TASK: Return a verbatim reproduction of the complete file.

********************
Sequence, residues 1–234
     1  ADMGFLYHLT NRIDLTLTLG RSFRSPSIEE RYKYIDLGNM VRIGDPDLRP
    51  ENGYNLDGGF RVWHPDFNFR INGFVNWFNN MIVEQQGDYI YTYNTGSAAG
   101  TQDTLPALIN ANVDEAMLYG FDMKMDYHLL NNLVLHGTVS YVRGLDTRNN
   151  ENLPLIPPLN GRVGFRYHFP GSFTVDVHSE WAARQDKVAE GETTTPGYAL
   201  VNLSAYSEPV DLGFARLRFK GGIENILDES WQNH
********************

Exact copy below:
Sequence, residues 1–234
     1  ADMGFLYHLT NRIDLTLTLG RSFRSPSIEE RYKYIDLGNM VRIGDPDLRP
    51  ENGYNLDGGF RVWHPDFNFR INGFVNWFNN MIVEQQGDYI YTYNTGSAAG
   101  TQDTLPALIN ANVDEAMLYG FDMKMDYHLL NNLVLHGTVS YVRGLDTRNN
   151  ENLPLIPPLN GRVGFRYHFP GSFTVDVHSE WAARQDKVAE GETTTPGYAL
   201  VNLSAYSEPV DLGFARLRFK GGIENILDES WQNH